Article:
The first zone features distinctive designs from five Saudi artists. The visitor must physically touch the designs to view the artworks in their full, colorful glory.
“Eternal Light” by Ameera Sheikh was originally executed as the cover for the yet-to-be-published novel by Sara Al-Hussain. It tells the story of a young girl who sets off on a journey to uncover a mysterious power as she faces unknown evils ahead.
“I wanted to show the magical and mysterious environment but with an ominous and an unsettling feeling that makes you feel a little anxious as you are drawn into the piece, just like our heroine,” Sheikh told Arab News.
The artist was told in the past to leave Saudi Arabia in pursuit of job opportunities abroad, but she saw the great potential for a better future at the time, which has now proven to be the case for aspiring artists.
“I feel very grateful for being patient. We had a little community of artists here where we helped each other improve by hosting small galleries and gatherings to keep it active and help it grow,” she said. “Now our community has a very powerful impact both globally and locally, and this has been strengthened by the current growing embrace of art and artists in the country.”
In illustrator Ethar Balkhair’s piece, the visitor’s touch brings two figures to life in an explosion of color, highlighting the cultural and social aspects of Al-Balad, Jeddah’s historical area. “Jeddah is all about color. I really wanted to reflect the spirit of Al-Balad in this art. At the same time, I wanted to tell the story of Hijazi people,” she told Arab News.
Balkhair was born into a family with a passion for art; one of their household activities was to sit down and draw together. Her collaboration with Artorama was the first opportunity for her to showcase her illustrations in a local setting, but her work has reached far beyond Riyadh, with big names such as Vogue and Bobbi Brown featuring her art.
“Recently, with the initiatives from the Ministry of Culture and others, people have a chance to release the art that’s inside of them. Now, everyone has a space. In Saudi Arabia, the art scene is only growing,” Balkhair said.
“Artwork doesn’t just have to center around beauty. There’s a story behind it. Now, they’re shedding light on the artist behind the art, and that supports us even more, makes us more confident, and allows us to explore more without fear,” she said.
Mahmoud Zaini’s “Human Sustainability” takes a deep dive into the ethics and future of modern technology. The eccentric piece, drawn in 2017, raises awareness of the tech industry’s impact on humanity. “I was extremely disgusted by our trajectory as a race. Eventually, technology will turn us into cogs in its machine. I decided, therefore, to illustrate that concept with this contraption that recycles everything coming in and out of this ‘consumer’ to grant him a more sustainable existence,” Zaini told Arab News.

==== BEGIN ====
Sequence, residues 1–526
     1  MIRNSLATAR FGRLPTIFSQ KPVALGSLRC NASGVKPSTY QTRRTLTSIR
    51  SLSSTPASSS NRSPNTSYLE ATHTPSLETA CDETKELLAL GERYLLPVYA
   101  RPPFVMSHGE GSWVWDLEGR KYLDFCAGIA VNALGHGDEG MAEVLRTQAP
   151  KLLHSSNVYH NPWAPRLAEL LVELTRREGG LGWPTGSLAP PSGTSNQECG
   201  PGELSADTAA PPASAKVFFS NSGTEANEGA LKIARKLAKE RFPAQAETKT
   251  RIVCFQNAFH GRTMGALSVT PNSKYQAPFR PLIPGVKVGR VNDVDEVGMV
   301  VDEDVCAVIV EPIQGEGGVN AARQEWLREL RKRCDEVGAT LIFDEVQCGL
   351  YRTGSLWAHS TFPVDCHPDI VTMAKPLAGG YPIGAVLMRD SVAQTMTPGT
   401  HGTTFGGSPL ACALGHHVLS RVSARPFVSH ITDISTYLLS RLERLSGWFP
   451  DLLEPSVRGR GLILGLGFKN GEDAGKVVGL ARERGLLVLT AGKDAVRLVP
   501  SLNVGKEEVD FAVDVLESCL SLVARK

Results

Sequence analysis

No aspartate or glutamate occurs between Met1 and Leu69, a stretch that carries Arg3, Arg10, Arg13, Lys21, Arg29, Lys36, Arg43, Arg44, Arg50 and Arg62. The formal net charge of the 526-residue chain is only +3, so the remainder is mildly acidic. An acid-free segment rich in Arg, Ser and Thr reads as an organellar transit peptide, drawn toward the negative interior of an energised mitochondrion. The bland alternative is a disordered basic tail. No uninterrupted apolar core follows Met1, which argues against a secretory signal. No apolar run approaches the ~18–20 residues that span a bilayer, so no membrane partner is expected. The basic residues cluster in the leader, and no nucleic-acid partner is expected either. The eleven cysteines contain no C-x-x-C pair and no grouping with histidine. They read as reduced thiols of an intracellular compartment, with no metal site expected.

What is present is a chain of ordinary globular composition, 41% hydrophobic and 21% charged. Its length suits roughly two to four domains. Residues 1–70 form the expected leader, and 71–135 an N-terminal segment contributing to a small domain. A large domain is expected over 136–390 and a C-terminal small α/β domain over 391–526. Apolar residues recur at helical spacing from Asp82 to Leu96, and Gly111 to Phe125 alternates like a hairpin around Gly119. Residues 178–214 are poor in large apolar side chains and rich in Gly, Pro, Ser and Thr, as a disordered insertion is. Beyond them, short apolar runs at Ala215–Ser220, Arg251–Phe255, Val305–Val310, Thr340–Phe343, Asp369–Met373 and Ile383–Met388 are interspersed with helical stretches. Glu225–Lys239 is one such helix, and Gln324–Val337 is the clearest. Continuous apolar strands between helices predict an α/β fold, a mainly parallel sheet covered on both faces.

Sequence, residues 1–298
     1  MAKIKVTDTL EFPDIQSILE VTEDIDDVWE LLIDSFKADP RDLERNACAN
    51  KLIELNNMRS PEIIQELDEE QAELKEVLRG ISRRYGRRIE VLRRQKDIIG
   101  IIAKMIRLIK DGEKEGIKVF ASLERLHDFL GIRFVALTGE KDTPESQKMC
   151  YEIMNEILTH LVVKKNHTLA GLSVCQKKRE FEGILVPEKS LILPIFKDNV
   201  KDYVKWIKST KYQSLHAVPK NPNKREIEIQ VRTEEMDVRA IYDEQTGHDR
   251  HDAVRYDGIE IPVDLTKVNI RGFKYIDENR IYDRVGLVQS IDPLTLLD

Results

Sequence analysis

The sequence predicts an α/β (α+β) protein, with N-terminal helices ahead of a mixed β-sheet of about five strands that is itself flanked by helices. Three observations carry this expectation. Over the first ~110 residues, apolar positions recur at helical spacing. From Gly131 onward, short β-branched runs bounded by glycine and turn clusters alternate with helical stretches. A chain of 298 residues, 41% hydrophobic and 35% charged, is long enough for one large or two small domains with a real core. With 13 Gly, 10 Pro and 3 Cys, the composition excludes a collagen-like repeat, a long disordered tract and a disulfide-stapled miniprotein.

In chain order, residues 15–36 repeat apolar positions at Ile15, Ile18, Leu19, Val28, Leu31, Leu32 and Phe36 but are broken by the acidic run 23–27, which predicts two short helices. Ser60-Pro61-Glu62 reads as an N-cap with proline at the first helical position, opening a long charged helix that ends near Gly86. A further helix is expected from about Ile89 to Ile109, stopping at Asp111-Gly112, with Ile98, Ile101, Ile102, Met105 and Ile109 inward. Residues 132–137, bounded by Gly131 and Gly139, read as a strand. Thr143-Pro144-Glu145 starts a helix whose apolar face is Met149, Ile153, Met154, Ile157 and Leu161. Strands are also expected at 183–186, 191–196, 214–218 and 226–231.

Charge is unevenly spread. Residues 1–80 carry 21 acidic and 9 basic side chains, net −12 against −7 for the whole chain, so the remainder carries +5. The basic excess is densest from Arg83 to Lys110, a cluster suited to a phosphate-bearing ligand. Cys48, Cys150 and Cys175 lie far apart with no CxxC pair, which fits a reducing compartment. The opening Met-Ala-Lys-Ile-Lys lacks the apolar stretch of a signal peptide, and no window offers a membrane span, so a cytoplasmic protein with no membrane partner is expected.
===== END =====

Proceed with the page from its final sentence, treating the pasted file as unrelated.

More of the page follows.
• The first zone features distinctive designs from five Saudi artists. The visitor must physically touch the designs to view the artworks in their full, colorful glory. Zone 1 also has an infinity room and a photo booth station, where visitors can engage with dynamic backgrounds.
• Zone 2 features a variety of attractions including a ball pit with interactive games, a projection drawing station, 3D printing, immersive swings and a volcano sandbox, where both children and adults can learn more about the science of volcanoes.
• Anamorphic projection mapping technologies in Zone 3 utilize high-power projectors to give visitors the illusion of seeing the building’s interior while standing outside of it.
The artist expressed his delight with the General Entertainment Authority’s interest in highlighting the topic. “I am extremely happy with the trajectory we’re headed in as citizens of the Kingdom, where art pieces are appreciated and dialogue around them is fostered. What an incredible time to be in as a Saudi artist interested in big questions,” he said.
Zone 1 also has an infinity room and a photo booth station, where visitors can engage with dynamic backgrounds. Exhibition-goers can color and design their own race car, which is then scanned and projected as if racing through the streets of Riyadh.
Zone 2 features a variety of attractions including a ball pit with interactive games, a projection drawing station, 3D printing, immersive swings and a volcano sandbox, where both children and adults can learn more about the science of volcanoes as they build their own. Anamorphic projection mapping technologies in Zone 3 utilize high-power projectors to give visitors the illusion of seeing the building’s interior while standing outside of it.
“This event releases the inner kid inside of us. We all like to play, we all like to experiment, and this is a good place to test that out,” Khalid Sonbol, one of the project managers at Nowaar Entertainment, told Arab News.
Artorama was one of the winning pitches under the General Entertainment Authority’s “Ideas for Entertainment” initiative in 2021, which aimed to empower 20 Saudi projects centering around entertainment activities and preserving Saudi heritage for future generations. Nowaar Entertainment seeks to amplify Saudi voices, showcasing exclusive works by Saudi artists and creators around the Kingdom — even in their product gift shop. “We’re interested in showing what we have in the Kingdom,” Sonbol said. “We believe entertainment is necessary. Most people used to travel to have an actual entertaining experience. They would go to museums, parks. Now, we don’t need that. We have that here,” he said.